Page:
Visceral, versatile, and utterly unafraid to be vulnerable: Khan and company vividly reimagine the iconic Romantic classic
Reimagining the nineteenth-century Romantic classic can’t have been an easy task for Khan. It is, as emblazoned on the promotional material, ‘iconic’: from the pretty peasant pas of Act I to the mercilessness of Myrtha and the Wilis in Act II, the ballet strikes a balance between peasantry and power, the earthly and ethereal, and, ultimately, vengeance and forgiveness. A reimagining, too, is a balance; namely, one between the old and the new. A choreographer has to counter the considerable weight of a centuries-old, well-loved classic – and the audience that inevitably accompanies it – with something original enough to earn the ‘reimagined’ title, while appealing to a new audience without alienating them. Poised on this centre-point is Khan’s production.
Khan and the company are visceral, versatile, and utterly unafraid to be vulnerable. There are still beats, bourrées and arabesques, as beautifully executed as ever by a company with such strength in its corps, but these archetypal steps of classical ballet are retraced, with respect, to refreshing, chilling, and tragic effect. Khan’s choreography is at its most impressive in extremes: using English National Ballet’s equally dynamic and disciplined corps, Khan creates shapes onstage that are more than just corps de ballet backdrops, with the company’s circle of undulating arms drowning Giselle at the centre during the mad scene one of the dramatic acmes of Act I. At the other end of the scale are the smallest of hand motions: a palm placed over the face to find the person inside, the otherworldly fluttering of unforgiving Wili fingers, the heartbreakingly human act of Giselle’s hand on her abdomen, as if to imply that something similarly human is growing beneath.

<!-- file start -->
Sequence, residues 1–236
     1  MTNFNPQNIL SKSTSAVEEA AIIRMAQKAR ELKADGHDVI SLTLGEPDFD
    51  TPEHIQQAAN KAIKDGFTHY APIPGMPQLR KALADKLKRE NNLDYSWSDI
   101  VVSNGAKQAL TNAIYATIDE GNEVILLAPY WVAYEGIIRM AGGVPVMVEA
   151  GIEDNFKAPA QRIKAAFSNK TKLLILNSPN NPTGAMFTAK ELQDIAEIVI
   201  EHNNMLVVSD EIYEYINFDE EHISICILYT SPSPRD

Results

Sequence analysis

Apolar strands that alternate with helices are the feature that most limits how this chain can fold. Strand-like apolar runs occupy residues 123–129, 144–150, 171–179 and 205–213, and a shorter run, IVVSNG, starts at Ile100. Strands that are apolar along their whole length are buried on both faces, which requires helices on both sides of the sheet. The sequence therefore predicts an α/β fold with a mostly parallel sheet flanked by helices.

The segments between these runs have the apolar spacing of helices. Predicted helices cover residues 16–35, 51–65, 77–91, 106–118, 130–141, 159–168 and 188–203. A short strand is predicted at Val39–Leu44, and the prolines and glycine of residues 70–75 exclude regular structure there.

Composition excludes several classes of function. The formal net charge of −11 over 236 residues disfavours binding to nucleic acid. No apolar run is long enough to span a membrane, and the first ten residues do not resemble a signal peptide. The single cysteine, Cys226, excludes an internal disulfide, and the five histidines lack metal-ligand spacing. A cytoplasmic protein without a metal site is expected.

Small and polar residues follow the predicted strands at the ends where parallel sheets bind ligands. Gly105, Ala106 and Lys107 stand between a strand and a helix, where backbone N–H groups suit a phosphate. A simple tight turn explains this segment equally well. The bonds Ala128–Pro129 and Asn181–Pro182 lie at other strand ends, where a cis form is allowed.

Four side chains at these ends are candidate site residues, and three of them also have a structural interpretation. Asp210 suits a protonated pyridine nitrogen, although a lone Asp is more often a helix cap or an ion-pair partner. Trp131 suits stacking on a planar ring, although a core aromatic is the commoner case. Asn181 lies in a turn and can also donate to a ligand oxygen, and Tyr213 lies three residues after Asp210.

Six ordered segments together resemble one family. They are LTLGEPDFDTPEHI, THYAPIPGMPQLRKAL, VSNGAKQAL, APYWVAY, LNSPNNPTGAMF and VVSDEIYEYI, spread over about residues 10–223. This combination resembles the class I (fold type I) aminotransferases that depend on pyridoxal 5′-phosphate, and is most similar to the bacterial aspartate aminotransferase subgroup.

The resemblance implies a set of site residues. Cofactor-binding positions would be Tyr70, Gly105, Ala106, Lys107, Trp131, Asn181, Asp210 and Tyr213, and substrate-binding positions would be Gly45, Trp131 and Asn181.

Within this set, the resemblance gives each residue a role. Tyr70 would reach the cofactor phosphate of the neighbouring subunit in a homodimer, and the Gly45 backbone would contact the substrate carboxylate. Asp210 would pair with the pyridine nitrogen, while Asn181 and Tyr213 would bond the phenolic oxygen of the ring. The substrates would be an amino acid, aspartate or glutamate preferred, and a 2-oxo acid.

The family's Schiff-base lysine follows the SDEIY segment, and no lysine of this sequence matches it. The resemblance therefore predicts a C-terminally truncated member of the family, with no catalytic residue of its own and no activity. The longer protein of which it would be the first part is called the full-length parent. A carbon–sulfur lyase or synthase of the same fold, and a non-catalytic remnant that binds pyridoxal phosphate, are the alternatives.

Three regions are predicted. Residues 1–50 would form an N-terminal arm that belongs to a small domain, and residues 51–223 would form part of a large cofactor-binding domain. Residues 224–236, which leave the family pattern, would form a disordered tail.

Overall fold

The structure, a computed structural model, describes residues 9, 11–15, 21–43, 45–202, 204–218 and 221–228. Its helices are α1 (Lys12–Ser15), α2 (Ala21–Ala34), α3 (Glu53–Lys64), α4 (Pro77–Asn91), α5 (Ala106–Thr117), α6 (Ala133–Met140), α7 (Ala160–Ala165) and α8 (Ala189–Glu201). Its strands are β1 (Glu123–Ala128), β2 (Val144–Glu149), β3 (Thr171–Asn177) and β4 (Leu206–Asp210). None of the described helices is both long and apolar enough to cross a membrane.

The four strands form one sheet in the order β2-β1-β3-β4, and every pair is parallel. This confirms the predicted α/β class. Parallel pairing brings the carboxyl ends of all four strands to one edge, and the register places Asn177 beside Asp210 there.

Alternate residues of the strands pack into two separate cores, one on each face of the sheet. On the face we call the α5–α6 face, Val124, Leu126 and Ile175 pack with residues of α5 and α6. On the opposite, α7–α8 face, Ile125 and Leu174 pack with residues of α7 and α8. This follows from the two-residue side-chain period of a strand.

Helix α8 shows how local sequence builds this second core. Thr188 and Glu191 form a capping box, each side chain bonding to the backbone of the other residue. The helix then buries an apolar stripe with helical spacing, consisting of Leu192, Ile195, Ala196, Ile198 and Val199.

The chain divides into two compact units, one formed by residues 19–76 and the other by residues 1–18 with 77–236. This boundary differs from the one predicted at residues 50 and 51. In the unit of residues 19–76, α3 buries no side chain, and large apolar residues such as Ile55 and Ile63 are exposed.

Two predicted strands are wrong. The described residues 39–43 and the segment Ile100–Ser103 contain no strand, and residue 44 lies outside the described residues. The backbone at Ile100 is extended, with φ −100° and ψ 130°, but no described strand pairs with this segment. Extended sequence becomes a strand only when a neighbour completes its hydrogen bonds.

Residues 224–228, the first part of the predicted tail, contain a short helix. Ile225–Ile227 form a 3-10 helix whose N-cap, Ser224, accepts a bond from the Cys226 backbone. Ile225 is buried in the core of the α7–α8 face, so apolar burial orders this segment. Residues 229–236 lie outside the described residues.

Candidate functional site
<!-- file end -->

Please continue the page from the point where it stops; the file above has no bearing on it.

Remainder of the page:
That’s right. Khan and his dramaturge Ruth Little have raised the dramatic stakes in this production with the implication that Giselle is pregnant by her betrayer Albrecht, and it propels the nineteenth-century story into the present with added sentience. Some narrative changes are near misses: opening Act II with Albrecht and the Landlords instead of the Wilis seems to derail the story unnecessarily, and cutting out Giselle’s mother removes a much-needed warning about the Wilis. But perhaps this is a mark of the modernised setting where superstition has no place. Moved from the pastoral peasantry of the Romantic tradition to the gritty realism of the migrant crisis, the lovers’ separation is no longer simply a class boundary, but possibly a geographical and cultural one too, as Albrecht belongs to the blindingly white – surely not a coincidence – and glittering world beyond the imposing grey Wall that is designer Tim Yip’s centrepiece.
The Wall works as the blurred boundary between many a world. The Wilis materialise from the mists underneath it in Act II in the same way it’s raised to reveal the lavishly-robed landlords of Act I, framing each as an ‘other’ to Giselle. As a dramatic device, at the end the Wall comes to symbolise the double-edged sword of vengeance and forgiveness that the ballet depends on, as Giselle’s forgiveness frees Albrecht from the Wilis, but his betrayal has condemned him to a life alone beyond it.